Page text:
The bidding was the same at both tables (something of a rarity these days). South opened 1 No-trumps (15-17 points) and North raised directly to 3 No-trumps. Why no Stayman? The argument applied by both Norths was that their hearts were bad and, even if partner held four cards in the suit, Four Hearts might fail against a bad trump break while there were nine easy tricks in No-trumps. (A point to note is that both of North's doubleton suits consist of two honours, much reducing the chances of a combined weakness.)
It worked well, for both Wests led a natural 410 instead of the diamond they might well have chosen if South had admitted to holding four spades. The anonymous declarer won on the table and happily finessed 2J. Yes, he was unlucky - West won with his singleton queen and lost no time in switching to diamonds. When the diamond finesse failed and it turned out that East still held the clubs, South ended up with only eight tricks.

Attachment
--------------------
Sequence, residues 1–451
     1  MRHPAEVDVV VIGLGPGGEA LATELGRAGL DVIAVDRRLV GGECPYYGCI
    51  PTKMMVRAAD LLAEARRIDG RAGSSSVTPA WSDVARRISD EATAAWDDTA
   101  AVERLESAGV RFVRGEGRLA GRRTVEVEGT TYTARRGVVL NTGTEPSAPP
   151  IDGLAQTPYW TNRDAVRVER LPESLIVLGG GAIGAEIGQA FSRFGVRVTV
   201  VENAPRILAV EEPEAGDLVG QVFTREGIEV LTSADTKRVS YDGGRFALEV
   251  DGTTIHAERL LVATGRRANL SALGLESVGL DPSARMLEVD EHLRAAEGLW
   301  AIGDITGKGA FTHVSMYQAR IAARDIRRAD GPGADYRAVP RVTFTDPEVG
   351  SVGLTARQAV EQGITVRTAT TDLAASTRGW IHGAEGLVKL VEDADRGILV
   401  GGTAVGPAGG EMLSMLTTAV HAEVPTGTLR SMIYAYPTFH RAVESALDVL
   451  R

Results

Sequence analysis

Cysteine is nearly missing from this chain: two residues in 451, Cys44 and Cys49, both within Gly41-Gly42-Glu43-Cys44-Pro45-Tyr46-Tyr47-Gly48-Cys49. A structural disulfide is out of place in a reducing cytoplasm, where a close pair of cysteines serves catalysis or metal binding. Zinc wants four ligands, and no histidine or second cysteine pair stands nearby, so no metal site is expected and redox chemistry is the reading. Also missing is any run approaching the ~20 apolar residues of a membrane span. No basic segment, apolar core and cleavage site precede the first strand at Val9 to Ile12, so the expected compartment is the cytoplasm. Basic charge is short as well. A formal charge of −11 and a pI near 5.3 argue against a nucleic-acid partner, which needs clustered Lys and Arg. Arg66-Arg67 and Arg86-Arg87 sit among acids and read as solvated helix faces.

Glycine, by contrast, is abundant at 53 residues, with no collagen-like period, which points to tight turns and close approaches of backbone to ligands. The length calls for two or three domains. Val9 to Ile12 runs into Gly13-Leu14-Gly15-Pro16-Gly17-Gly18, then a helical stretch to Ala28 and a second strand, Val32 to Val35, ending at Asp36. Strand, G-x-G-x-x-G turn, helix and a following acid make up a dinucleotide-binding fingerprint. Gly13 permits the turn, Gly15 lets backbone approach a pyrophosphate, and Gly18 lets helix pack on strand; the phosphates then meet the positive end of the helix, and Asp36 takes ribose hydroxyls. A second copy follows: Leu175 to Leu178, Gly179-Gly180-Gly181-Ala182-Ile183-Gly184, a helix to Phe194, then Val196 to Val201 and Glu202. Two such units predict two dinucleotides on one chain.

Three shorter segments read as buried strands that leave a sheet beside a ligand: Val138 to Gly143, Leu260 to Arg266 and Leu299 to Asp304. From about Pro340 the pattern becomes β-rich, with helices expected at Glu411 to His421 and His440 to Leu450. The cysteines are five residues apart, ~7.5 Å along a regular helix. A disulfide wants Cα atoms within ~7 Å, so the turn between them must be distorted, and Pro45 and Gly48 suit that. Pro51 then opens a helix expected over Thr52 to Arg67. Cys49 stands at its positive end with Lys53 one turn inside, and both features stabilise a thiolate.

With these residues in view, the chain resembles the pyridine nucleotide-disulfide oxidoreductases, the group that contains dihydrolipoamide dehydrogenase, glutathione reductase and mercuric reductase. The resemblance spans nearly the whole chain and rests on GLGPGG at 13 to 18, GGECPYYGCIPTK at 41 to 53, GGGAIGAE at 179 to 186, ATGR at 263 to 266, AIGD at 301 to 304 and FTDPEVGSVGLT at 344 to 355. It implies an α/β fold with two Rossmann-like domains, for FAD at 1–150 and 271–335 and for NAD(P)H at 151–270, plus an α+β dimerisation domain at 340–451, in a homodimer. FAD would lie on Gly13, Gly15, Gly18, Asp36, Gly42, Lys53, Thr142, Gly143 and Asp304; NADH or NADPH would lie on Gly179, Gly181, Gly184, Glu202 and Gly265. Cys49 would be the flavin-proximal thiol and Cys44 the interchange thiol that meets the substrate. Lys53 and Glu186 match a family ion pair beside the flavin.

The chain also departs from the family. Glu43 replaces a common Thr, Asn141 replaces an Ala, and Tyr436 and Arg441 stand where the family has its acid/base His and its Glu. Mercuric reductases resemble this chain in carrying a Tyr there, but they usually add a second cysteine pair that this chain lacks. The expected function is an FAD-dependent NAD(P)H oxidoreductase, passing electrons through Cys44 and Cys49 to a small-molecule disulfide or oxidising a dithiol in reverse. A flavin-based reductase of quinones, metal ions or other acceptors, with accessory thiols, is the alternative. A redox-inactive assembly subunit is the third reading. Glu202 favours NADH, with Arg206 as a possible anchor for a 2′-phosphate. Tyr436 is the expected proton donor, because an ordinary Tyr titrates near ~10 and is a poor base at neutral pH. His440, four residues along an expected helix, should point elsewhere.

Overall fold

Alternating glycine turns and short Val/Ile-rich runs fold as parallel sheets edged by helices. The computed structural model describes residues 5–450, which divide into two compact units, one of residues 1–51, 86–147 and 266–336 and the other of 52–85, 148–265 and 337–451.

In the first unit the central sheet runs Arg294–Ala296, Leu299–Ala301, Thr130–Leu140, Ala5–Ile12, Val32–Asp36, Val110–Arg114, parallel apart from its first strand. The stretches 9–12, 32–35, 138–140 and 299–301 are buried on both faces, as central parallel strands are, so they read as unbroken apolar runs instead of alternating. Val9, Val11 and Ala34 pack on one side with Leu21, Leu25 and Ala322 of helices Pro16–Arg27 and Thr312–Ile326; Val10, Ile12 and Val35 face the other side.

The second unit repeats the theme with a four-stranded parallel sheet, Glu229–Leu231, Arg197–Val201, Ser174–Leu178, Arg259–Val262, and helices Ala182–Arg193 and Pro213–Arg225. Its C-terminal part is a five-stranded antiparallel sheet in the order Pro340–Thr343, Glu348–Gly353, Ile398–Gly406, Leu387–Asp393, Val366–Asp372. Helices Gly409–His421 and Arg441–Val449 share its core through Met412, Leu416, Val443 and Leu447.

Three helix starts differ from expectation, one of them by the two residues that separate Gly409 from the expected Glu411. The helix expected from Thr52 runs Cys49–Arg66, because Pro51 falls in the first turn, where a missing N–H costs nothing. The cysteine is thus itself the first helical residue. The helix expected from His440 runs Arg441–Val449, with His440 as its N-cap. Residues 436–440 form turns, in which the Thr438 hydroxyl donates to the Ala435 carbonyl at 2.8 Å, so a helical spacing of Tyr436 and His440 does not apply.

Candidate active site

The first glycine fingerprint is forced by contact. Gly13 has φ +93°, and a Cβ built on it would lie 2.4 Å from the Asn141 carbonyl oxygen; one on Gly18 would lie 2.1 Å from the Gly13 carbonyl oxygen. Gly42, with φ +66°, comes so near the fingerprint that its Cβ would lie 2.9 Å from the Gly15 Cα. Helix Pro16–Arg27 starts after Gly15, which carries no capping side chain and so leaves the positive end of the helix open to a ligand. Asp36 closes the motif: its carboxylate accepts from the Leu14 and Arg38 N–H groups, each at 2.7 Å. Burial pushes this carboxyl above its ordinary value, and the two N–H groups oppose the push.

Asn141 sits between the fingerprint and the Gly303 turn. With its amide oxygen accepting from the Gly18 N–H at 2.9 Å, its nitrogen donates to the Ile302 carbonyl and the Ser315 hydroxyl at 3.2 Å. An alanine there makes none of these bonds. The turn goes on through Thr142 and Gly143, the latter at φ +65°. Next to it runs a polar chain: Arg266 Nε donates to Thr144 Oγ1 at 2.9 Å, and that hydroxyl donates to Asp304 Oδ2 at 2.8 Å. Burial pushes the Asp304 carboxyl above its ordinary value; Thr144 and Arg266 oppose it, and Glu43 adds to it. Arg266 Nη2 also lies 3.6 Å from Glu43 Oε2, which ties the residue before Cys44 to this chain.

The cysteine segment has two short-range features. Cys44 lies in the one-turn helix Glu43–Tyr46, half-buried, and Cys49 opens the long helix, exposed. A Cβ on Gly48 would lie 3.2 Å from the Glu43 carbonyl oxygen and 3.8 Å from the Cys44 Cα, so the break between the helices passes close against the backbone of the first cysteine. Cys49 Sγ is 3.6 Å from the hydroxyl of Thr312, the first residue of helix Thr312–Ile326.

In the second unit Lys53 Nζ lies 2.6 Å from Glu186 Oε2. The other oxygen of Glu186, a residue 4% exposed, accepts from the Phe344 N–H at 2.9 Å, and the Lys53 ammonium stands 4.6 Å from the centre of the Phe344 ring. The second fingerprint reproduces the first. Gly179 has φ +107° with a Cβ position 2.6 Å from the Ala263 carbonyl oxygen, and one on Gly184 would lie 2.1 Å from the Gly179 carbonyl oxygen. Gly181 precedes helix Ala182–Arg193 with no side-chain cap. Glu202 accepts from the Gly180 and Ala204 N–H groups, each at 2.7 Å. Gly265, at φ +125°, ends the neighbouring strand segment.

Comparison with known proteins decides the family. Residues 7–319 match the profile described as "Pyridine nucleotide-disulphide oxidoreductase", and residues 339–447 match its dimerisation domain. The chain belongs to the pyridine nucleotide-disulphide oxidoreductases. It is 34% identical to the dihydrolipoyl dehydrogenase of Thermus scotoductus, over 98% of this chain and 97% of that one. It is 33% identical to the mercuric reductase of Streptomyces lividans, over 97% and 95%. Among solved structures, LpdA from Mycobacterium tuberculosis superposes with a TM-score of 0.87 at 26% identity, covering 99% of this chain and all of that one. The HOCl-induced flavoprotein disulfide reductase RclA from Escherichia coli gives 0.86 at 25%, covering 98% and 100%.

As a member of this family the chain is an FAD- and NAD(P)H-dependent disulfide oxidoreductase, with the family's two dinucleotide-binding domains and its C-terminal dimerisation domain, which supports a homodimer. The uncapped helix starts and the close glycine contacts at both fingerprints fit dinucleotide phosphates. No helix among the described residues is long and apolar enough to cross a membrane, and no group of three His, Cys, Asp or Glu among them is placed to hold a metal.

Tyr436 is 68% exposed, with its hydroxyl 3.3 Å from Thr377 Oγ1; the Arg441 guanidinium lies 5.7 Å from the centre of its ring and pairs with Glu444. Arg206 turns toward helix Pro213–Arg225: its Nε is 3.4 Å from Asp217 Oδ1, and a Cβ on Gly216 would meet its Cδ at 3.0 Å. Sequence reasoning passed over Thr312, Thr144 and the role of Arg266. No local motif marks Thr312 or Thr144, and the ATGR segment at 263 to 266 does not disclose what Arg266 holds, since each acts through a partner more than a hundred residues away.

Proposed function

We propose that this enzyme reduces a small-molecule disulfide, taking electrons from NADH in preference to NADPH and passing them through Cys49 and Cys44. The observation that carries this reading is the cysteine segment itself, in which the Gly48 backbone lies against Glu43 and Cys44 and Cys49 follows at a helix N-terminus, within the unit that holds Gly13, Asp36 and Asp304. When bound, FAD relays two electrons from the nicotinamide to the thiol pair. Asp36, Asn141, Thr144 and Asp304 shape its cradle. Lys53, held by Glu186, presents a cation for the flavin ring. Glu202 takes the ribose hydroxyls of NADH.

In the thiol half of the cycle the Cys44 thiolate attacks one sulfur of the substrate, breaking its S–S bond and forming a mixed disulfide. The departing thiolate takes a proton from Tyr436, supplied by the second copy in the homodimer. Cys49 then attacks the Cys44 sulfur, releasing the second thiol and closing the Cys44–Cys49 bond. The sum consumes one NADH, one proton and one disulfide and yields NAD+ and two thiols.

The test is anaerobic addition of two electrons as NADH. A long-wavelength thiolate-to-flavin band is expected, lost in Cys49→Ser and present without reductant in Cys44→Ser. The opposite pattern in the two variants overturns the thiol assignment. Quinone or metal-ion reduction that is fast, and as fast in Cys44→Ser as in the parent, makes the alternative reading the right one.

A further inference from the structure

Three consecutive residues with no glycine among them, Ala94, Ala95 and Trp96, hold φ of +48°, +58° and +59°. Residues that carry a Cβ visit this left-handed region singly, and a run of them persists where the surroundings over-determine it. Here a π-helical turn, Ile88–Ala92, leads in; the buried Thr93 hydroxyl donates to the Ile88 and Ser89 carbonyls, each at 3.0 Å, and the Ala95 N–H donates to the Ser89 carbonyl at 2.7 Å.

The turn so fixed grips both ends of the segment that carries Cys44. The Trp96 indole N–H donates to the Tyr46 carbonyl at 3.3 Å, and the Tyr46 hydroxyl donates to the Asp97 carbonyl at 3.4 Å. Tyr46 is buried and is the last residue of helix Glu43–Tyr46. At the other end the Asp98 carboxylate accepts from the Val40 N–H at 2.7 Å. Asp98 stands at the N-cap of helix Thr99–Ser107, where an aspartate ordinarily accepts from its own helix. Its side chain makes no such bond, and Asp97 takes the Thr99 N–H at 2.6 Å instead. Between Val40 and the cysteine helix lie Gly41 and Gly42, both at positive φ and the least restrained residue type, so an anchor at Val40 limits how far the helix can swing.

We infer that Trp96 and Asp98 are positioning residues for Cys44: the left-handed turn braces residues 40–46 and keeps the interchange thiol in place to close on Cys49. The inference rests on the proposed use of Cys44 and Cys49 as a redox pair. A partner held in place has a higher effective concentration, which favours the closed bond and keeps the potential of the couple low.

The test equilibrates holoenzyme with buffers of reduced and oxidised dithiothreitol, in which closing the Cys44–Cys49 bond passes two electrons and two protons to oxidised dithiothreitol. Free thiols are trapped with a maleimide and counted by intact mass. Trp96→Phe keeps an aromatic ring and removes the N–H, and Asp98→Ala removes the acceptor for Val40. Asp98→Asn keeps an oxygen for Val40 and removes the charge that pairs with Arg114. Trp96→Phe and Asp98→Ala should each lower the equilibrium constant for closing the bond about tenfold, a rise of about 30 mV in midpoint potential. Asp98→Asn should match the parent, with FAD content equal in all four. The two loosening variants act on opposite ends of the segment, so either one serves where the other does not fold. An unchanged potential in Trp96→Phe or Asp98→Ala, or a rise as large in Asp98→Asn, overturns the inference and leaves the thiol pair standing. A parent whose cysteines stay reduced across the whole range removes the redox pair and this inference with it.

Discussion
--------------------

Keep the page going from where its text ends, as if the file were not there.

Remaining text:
So, how would the well-read player have tackled matters? He would have followed the Swedish line. After winning the spade lead in dummy, he would have led a club to his ace. As the cards lay, all would have been plain sailing. But suppose 2A brings nothing of interest? Then declarer crosses to dummy with a spade and leads another club towards his jack. Whatever happens, if either opponent shows out, South can cope comfortably, and comes to four club tricks and his contract.Reuse content